July 16, 2020

The Year in Review: Digital Rights in Pakistan

Photo by Cities for Digital Rights

As the year 2019 comes to an end, we look back at key developments in digital rights and Internet governance arenas. Where teledensity and internet subscription is constantly increasing in the country, it becomes essential for the government to express explicit interest in creating safe digital spaces for the citizens.

The government of Pakistan has repeatedly stated that it has an interest in the digital innovation in the country, and subsequent in regulating it as well. In December 2019, the government announced its new initiative ‘Digital Pakistan’, a plan that includes initiation of various policy and regulatory mechanisms, to improve the national digital framework. While this digitisation is essential, it’s also crucial to monitor and document on policy developments to ensure that the developments remain responsive to human rights considerations.

In 2019, there have been significant developments in terms of regulations and policies on digital rights in Pakistan. Here is a brief overview of significant developments in policies related to digital rights and internet governance in Pakistan.

Privacy and Data Protection

1) Data Protection

Pakistan has witnessed its fair share of privacy violation and breach of data protection. With countless data breaches both of private database and that held by the government has continued to put citizens’ data, and ultimately their security, at risk. Despite being home to 200 million people, Pakistan still doesn’t have a data protection regulation. The last draft of what the Ministry of Information Technology and Telecommunication (MoITT) says Personal Data Protection Regulation (PDPB) was posted on its website in 2018, and since then there has been no progress despite constant consultations and meetings with civil society. Meanwhile, data breaches continue to happen.

Some of the significant data breaches of 2019 include,

    • The Pakistan Telecommunications Authority (PTA) admitted that the data of passengers traveling to Pakistan was leaked by the travel agents and civil aviation personnel before the passengers reached the mobile registration counters to register their new mobile phones. The government of Pakistan made registration of mobile phones mandatory for every citizen. And while the first phone carried from abroad into the country was not charged custom duty, when people reached the counters, they were told that they already have a mobile phone registered under their name, and were made to pay custom duties on their phones.

    • Photos of drivers that were taken through Punjab’s Safe Cities project were leaked, that were later used to harass the drivers identified via their car’s registration number.

    • Pakistan Telecommunications Authority (PTA) confirmed breach and leak of sensitive data of passengers traveling to Pakistan at the hands of travel agents and civil aviation officials, in order to register phones on their identity under the government’s new regulation that makes registration of every phone entering the country mandatory against a duty charge. While the first phone under a person’s name was registered duty-free, passengers whose data was leaked were forced to pay the duty regardless.

    • Multiple data leaks of social media platforms that potentially involved Pakistani citizens’ data as well.

    • Videos of couples in a cinema in Lahore were recorded via CCTV cameras that the people were unaware of. The videos were subsequently leaked, highlighting the lax data protection protocols of the cinema.

In the light of these incidents of violation of privacy and citizens’ data protection, Media Matters for Democracy wrote to the Prime Minister Imran Khan to request him to prioritise a data protection regulation that aims to protect citizens and their information against the aforementioned events that have the potential of posing severe threats of their safety. A petition for the same was also submitted to the Senate of Pakistan.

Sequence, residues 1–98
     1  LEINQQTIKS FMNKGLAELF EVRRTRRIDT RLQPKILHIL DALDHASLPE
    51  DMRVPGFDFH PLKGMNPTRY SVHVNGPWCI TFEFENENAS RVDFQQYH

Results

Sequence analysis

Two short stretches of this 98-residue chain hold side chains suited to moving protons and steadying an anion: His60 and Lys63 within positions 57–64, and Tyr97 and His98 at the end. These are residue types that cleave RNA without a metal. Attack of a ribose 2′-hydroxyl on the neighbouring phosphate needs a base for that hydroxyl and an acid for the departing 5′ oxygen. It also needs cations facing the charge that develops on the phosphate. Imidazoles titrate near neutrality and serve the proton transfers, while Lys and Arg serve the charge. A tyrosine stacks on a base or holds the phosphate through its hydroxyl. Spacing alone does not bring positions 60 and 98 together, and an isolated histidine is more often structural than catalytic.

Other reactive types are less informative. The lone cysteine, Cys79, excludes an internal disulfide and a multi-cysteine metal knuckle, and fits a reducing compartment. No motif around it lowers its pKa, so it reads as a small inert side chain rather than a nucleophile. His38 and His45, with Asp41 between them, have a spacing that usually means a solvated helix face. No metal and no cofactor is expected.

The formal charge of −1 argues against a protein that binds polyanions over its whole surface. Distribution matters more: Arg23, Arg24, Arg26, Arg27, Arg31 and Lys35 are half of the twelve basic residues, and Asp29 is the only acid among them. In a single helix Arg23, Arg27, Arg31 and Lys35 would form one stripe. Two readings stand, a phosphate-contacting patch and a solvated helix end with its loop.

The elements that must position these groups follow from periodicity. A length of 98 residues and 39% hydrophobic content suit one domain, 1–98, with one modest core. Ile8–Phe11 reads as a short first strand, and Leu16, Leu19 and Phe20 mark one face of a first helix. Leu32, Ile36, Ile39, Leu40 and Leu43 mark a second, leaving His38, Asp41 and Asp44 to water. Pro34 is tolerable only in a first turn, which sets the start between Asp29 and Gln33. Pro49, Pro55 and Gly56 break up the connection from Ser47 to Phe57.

2) Privacy

Privacy is acknowledged as a fundamental right of Pakistani citizens under Article 14: Inviolability of dignity of man, etc. of the Constitution. However, there have been laws, policies and events where this right has repeatedly been infringed on various levels without accountability. While the Prevention of Electronic Crimes Act (PECA) 2016, or simply the cybercrimes law, was passed to protect users of the internet and their rights, the law continues to stifle civil liberties and affect their right to privacy.

Here’s a review of reported violations and developments on privacy policy in 2019:

  • Violations
    • Sindh CTD steps up monitoring of social media to prevent spread of ‘hatred, militancy’.
      The police authorities in Sindh announced developing a technical team under its anti-terror wing that started monitoring all digital platforms amid their growing use for “promotion of ideology of hatred, anti-state activism and militancy,” a senior official said.

      Source: [Dawn]

    • FIA watching social media to curb ‘anti-national propaganda, hate speech’.
      The Federal Investigation Agency (FIA) is claimed to have put in place a monitoring system following the government directives about a crackdown against those spreading extremism and hatred on social media and said it would not wait for any complaint to take action against any individual or group as legally it can take cognizance against anyone for “committing such an offence’.

      Source: [Dawn]

    • Not investigating CCTV footage leak from Lahore’s cinema: FIA Cyber Crime Wing.
      Federal Investigation Authority is not investigating CCTV footage leaked from a cinema in Lahore. Director Cyber-Crime wing Afzal Mehmood told Digital Rights Monitor that FIA’s cyber-crime has a complaint based mechanism and only takes action when an aggrieved party makes a complaint.

      Source: [Digital Rights Monitor]

    • More data leaks, more arrests, no data protection.
      In a briefing to the standing committee of the senate on information technology and communication the Federal Investigation Agency (FIA) revealed that their cyber-crime wing has arrested mobile phone importers, tour guide operators and FIA officials posted at airports in relation with a massive data leak of passport details to register new cell phones being brought into the country.